Listeriosis which, although affecting relatively few people (1,439 reported cases in 2005), has a high case-fatality rate and can also seriously affect the unborn child often resulting in miscarriage. VTEC[1] infections, a type of E. coli, which affected 3,314 people in 2005 is also another disease which can seriously damage human health and is most severe in children.
In 2005, the reporting of investigated outbreaks caused by consumption of contaminated food was mandatory for the first time in the EU. Together 5,311 foodborne outbreaks were reported in the EU involving 47,251 people and resulting in 5,330 hospitalizations and 24 deaths.
Member States receiving Community co-financing for eradication programs of bovine tuberculosis in cattle and brucellosis in cattle, sheep and goats, reported less positive herds in 2005 compared to 2004, indicating that the programs seem to be having an impact.
Web posted: December 18, 2006

The Biggest Bug: Leading Cause Of US Food-Borne Illness Makes Its Own Pathway Through Cells
Main Category: GastroIntestinal / Gastroentorology News

Article Date: 16 Dec 2006 - 21:00 PST

Source of Article: http://www.medicalnewstoday.com/medicalnews.php?newsid=58898&nfid=rssfeeds

In spite of our long and painful relationship with Campylobacter jejuni, we are just starting to answer basic questions about the bug that is the leading cause of bacterial food-borne illness in the United States, and one of the most common causes of diarrhea worldwide. The Centers for Disease Control estimate that "campylobacterioisis" strikes 2.4 million Americans a year.

While most sufferers recover after a few unpleasant days, it can be life threatening to those with compromised immune systems. A rare but serious complication of C. jejuni infection is the triggering of the autoimmune disorder, Guillain-Barre paralysis.

Yale researchers now have some answers to one of the most basic puzzles surrounding C. jejuni infections. How could such a large bacteria gain access to human intestinal epithelial cells that do not normally take up particles of such size" And once inside, how does C. jejuni disappear off the conventional endocytic road map"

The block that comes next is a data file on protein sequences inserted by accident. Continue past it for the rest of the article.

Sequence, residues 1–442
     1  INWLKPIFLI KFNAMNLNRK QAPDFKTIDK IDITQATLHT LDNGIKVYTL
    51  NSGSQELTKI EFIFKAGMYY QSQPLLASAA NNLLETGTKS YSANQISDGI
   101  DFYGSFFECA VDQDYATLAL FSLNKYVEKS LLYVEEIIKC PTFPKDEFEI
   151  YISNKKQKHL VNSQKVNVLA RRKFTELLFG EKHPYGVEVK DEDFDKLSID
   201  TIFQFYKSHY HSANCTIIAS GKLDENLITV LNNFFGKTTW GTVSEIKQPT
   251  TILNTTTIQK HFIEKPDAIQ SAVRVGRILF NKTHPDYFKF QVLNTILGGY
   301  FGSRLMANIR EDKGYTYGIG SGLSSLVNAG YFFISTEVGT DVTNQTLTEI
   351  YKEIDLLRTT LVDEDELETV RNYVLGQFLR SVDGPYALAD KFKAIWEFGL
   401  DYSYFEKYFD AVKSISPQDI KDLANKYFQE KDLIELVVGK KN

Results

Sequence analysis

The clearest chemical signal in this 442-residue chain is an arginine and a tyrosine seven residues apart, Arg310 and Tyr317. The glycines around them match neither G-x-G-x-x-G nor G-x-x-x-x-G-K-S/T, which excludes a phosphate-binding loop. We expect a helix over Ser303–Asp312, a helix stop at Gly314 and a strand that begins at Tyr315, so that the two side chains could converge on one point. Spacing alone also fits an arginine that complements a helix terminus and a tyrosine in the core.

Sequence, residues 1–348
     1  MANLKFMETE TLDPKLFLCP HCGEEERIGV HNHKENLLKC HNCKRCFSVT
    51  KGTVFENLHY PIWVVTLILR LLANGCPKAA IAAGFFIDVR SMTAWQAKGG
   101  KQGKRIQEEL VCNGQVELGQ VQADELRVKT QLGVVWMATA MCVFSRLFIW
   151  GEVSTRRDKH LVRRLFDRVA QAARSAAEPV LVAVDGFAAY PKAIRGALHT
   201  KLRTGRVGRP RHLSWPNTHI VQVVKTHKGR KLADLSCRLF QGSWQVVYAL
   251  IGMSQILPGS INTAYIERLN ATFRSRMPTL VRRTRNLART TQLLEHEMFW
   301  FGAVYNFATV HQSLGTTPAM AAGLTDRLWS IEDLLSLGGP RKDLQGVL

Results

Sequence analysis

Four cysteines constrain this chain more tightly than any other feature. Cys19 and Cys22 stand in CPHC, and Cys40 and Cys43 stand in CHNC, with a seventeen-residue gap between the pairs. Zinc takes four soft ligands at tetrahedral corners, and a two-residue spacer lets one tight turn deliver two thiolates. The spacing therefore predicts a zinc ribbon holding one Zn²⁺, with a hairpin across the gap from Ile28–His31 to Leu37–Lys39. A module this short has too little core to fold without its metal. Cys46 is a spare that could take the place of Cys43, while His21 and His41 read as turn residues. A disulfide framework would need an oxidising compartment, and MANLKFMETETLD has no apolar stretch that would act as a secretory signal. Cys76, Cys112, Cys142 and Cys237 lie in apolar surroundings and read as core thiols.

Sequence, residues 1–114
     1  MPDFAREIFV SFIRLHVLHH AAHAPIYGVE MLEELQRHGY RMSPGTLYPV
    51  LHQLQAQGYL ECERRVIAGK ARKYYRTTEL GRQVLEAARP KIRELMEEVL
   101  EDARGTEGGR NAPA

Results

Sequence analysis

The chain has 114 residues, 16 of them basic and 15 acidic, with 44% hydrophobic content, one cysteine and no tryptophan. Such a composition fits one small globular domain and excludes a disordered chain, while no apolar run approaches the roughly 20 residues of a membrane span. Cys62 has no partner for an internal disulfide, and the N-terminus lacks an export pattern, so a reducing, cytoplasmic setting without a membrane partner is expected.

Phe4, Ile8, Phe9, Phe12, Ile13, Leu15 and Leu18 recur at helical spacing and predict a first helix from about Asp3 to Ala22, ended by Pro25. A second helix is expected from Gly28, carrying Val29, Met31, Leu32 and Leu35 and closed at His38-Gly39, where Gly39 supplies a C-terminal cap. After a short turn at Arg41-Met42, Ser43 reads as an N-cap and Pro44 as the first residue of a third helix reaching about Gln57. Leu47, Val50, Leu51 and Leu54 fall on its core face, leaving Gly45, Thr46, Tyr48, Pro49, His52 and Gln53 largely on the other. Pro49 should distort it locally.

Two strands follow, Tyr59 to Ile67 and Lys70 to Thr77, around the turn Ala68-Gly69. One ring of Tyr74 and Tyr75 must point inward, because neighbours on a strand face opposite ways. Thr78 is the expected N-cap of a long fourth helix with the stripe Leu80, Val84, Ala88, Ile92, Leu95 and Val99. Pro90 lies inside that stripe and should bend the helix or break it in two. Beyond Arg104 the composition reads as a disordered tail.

Robert Watson and Jorge Galan of Yale University School of Medicine report that C. jejuni apparently rolls in on the cell's regular endocytic pathway but quickly exits, heading off-road for its own network of intracellular hideouts. These C. jejuni-filled vacuoles make their own way toward the nucleus, taking up strategic positions near the cell's transportation hub, the Golgi apparatus.

Previous studies showing C. jejuni gaining intracellular access to intestinal epithelial cells despite its large size suggested to Watson and Galan that the bug had evolved a special mechanism to induce its uptake into these nonphagocytic cells and establish its own intracellular niche. Watson and Galan set out to follow C. jejuni down the host cell's endocytic pathway. Much of the cell's incoming traffic is usually routed to compartments called lysosomes, where an acidic brew of hydrolase enzymes chews it up. By monitoring endosomal marker proteins, the researchers could watch as C. jejuni infected a host cell, and was briefly cloaked in the early endosomal marker EEA-1, and then the late endosomal marker Lamp-1. Was C. jejuni trafficking to conventional lysosomes after all" To check, the researchers fed traceable dyes to infected cells. Taken up into the endocytic pathway, the fluorescent dyes co-localized with control bacteria known to traffic to lysosomes, yet surprisingly the dyes were unable to enter vacuoles containing C. jejuni. The bug had left the conventional endocytic pathway.

Watson and Galan also investigated the roles of two Rab GTPases, proteins involved in the maturation of endosomal compartments. These and other experiments provided additional evidence that C. jejuni leaves the normal endocytic pathway early and that the segregated C. jejuni vacuoles move to a perinuclear location where they become closely associated with the Golgi apparatus. The resulting full-scale invasion of millions of cells lining the gut can't be ignored.

Experts: Taco Bell E.coli Outbreak Will Sicken Brand
December 05, 2006
By Kenneth Hein
Source of Article: http://www.brandweek.com/
NEW YORK -- The Taco Bell E.coli outbreak in the Northeast will sicken sales, but how deep the damage will run depends on the Yum! Brands-owned restaurant chain¡¯s response to the crisis, per experts. More than two-dozen people in New York and New Jersey who ate at Taco Bell during Thanksgiving week became sick, according to the New York Daily News which affixed the headline ¡°Taco Hell¡± to the cover of its Dec. 5 edition.